Forty Years of Winning Friends and Influencing People

https://www.chcf.org/blog/forty-years-of-winning-friends-and-influencing-people/

An interview with former US Representative Henry Waxman of California.

Of the more than 12,000 Americans who have served in Congress since it convened in 1789, few have had careers as fruitful as Henry Waxman’s. Representing west Los Angeles and its surrounding areas for 40 years, Waxman, 78, left a remarkable imprint on US health policy. His manifold accomplishments were capped by the passage of the Affordable Care Act (ACA) in 2010. A son of south-central Los Angeles, he worked at his father’s grocery store, earned a law degree at the University of California, Los Angeles, and in 1968 won a seat in the State Assembly. He was elected to the US House in 1974 in an era when bipartisanship was ordinary and health care had yet to become an overwhelming economic and political force in American life. Waxman was known in Congress for his persistence at wearing down opposition. Republican Senator Alan Simpson of Wyoming famously called him “tougher than a boiled owl” after negotiating the landmark Clean Air Act amendments of 1990. Waxman led efforts to ban smoking in public places and to require nutrition labels on food products. I talked with him recently about his experiences, the future of health policy, and the changing language of health reform. The transcript has been lightly edited for length and clarity.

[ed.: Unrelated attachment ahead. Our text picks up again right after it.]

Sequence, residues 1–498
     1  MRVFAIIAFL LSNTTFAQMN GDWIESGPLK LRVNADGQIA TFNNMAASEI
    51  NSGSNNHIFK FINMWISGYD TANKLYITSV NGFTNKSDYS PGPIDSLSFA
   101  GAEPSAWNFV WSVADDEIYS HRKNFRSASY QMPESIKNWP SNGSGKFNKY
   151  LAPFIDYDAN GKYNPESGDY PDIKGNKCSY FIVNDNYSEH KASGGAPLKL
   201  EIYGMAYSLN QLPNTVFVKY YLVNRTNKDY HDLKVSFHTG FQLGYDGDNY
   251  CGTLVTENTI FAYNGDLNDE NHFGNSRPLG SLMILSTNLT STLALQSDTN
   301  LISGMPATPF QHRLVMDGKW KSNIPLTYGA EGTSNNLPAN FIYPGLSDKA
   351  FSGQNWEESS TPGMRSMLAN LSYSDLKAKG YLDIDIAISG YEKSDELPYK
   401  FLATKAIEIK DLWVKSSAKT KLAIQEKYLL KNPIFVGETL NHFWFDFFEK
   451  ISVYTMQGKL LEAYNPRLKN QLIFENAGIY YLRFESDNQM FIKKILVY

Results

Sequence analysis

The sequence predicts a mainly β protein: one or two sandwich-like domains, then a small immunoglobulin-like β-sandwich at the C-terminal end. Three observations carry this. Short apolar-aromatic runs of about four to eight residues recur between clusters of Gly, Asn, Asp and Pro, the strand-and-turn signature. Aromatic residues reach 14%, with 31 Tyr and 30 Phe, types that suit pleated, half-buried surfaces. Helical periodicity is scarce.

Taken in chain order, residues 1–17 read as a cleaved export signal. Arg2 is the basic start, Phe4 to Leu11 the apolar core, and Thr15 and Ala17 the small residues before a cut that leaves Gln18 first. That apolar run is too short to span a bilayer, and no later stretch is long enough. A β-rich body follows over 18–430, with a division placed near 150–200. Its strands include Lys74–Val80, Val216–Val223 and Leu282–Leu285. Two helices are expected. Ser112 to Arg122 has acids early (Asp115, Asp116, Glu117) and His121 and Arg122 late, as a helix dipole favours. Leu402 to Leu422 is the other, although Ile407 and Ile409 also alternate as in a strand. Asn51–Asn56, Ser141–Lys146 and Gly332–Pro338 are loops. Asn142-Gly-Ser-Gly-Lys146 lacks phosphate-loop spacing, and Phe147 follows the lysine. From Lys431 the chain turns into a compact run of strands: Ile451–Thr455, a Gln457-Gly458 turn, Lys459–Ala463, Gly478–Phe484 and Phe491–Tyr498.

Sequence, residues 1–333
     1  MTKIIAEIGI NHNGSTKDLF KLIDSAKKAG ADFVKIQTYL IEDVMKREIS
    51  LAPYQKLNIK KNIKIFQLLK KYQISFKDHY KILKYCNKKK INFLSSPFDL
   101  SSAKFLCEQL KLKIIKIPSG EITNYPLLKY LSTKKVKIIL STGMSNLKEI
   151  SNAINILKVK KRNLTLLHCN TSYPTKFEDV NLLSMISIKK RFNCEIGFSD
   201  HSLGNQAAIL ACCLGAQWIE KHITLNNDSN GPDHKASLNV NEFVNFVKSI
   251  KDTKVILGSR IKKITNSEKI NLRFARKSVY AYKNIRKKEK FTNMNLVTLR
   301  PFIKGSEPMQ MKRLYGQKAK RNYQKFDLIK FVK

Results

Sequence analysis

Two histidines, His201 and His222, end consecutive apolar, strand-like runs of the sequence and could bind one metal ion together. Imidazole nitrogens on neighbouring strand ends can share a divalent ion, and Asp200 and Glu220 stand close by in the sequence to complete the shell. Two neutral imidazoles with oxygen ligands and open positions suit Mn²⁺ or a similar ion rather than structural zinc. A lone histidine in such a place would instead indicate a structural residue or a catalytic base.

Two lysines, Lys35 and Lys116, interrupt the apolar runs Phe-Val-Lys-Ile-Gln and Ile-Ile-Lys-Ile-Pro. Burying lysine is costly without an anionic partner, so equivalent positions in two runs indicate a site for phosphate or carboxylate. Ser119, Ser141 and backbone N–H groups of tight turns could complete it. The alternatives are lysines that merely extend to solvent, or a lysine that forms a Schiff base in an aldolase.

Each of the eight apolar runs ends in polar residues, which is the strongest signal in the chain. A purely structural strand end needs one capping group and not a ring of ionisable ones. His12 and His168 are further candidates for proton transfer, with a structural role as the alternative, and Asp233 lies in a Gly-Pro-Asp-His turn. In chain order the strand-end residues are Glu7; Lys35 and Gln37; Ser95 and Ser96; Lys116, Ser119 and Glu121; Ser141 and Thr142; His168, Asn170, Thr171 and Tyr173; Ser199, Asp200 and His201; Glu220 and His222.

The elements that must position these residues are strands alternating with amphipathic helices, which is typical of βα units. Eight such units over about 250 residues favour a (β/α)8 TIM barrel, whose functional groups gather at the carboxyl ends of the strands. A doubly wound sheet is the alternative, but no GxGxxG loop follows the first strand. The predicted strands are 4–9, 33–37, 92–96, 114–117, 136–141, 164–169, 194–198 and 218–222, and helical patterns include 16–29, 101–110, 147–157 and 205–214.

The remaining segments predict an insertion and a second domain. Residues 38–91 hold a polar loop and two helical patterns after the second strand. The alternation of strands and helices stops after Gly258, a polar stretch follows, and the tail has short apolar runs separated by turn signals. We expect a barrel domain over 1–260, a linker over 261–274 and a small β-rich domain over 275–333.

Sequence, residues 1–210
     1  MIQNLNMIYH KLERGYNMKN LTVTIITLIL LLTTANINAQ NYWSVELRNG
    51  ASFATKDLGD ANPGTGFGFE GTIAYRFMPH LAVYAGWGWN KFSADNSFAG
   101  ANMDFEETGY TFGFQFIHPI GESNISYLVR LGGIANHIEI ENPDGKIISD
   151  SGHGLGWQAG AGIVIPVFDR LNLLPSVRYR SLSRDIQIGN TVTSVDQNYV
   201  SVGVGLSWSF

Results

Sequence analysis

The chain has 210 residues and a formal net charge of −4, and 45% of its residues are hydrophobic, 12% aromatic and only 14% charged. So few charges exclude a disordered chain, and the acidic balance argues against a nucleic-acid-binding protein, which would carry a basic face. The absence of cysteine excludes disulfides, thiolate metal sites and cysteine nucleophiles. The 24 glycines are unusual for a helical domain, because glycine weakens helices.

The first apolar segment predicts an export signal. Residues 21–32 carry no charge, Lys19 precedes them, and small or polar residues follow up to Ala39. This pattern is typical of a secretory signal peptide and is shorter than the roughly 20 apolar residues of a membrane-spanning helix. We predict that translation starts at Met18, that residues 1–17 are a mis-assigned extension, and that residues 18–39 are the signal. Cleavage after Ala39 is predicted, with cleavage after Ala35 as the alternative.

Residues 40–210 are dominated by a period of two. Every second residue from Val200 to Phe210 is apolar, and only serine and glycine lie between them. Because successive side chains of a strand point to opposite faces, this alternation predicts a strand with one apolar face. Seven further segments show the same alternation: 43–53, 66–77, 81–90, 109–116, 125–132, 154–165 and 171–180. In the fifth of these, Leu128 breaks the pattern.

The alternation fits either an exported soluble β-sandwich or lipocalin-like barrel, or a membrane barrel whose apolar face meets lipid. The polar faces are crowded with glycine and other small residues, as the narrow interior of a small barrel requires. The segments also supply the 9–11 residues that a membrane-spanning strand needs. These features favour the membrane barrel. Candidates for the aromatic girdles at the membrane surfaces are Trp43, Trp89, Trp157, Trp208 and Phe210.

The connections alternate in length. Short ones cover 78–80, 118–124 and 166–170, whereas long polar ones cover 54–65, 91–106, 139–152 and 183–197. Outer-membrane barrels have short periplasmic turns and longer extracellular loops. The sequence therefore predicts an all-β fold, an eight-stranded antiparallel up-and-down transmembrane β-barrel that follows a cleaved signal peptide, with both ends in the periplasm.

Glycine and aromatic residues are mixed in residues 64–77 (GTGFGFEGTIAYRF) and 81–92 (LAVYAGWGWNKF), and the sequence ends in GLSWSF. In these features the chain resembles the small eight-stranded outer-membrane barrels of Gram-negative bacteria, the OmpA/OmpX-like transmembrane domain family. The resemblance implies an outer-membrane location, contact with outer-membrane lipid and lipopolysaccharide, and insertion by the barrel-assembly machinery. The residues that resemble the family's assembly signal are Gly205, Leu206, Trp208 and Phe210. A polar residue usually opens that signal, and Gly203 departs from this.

Q: In 1974, when Los Angeles voters first sent you to Washington, health policy wasn’t the ticket to political influence. You are a lawyer, not a doctor. What drew you to health care?

A: When I was first elected to the California State Assembly in 1968, I believed that if I specialized in a policy area I would have more impact than if I tried to be an expert on everything. Health policy fit my district in Los Angeles, and I could see that government needed to be involved in a whole range of decisions, from health care services to biomedical research to public health. I was chairman of the Assembly Committee on Health. I was elected to Congress in 1974 in a Democratic wave election. I wanted to get on a health policy committee, which was Energy and Commerce. Democrats picked up so many seats and there were so many committee vacancies that year that it was easy to claim one, and I got on that committee. Within four years there was a vacancy for chair of the health and environment subcommittee, and I stepped up to that. It gave me a lot more impact.

Q: What role do you think health care will play in the upcoming elections?

A: If the Democrats do as well as I expect and hope, it will be more because of what Trump was doing in the health area than anything else. Even though people value health care services and insurance, the idea that the president and the GOP wanted to take away health insurance and reduce benefits for people who needed it — that was something they didn’t expect and were angry about.

Q: Is it feasible to provide health coverage to everyone?